Data warehousing and Data Mining Qp’s

About data warehouse : A database consists of one or more files that need to be stored on a computer. In large organizations, databases are typically not stored on the individual computers of employees but in a central system. This central system typically consists of one or more computer servers. A server is a computer system that provides a service over a network. The server is often located in a room with controlled access, so only authorized personnel can get physical access to the server.

In a typical setting, the database files reside on the server, but they can be accessed from many different computers in the organization. As the number and complexity of databases grows, we start referring to them together as a data warehouse.

Here You Will Find All DWDM question papers :


May June 18     Nov Dec 18


May June 2017     Nov Dec 17


May June 2016    Nov Dec 2016


May June 2015


Nov Dec 2014

More About Data Ware House and Data Mining :

A data warehouse is a collection of databases that work together. A data warehouse makes it possible to integrate data from multiple databases, which can give new insights into the data. The ultimate goal of a database is not just to store data, but to help businesses make decisions based on that data. A data warehouse supports this goal by providing an architecture and tools to systematically organize and understand data from multiple databases.

Distributed DBMS : As databases get larger, it becomes increasingly difficult to keep the entire database in a single physical location. Not only does storage capacity become an issue, there are also security and performance considerations. Consider a company with several offices around the world.

It is possible to create one large, single database at the main office and have all other offices connect to this database. However, every single time an employee needs to work with the database, this employee needs to create a connection over thousands of miles, through numerous network nodes. As long as you are moving relatively small amounts of data around, this does not present a major challenge.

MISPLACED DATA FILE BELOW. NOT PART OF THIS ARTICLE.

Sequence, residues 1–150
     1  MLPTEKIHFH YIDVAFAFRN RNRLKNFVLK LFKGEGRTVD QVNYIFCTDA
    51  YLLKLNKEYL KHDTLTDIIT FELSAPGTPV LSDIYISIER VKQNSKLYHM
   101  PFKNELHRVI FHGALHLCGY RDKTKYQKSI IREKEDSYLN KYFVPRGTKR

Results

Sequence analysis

But, what if the database is huge? It is not very efficient to move large amounts of data back and forth over the network. It may be more efficient to have a distributed database. This means that the database consists of multiple, interrelated databases stored at different computer network sites.

To a typical user, the distributed database appears as a centralized database. Behind the scenes, however, parts of that database are located in different places. The typical characteristics of a distributed database management system, or DBMS, are:

  • Multiple computer network sites are connected by a communication system
  • Data at any site are available to users at other sites
  • Data at each site are under control of the DBMS

You have probably used a distributed database without realizing it. For example, you may be using an e-mail account from one of the major service providers. Where exactly do your e-mails reside? Most likely, the company hosting the e-mail service uses several different locations without you knowing it.

The major advantage of distributed databases is that data access and processing is much faster. The major disadvantage is that the database is much more complex to manage. Setting up a distributed database is typically the task of a database administrator with very specialized database skills.

Once all the data is stored and organized in databases, what’s next? Many day-to-day operations are supported by databases. Queries based on SQL, a database programming language, are used to answer basic questions about data. But, as the collection of data grows in a database, the amount of data can easily become overwhelming. How does an organization get the most out of its data without getting lost in the details? That’s where data miningcomes in.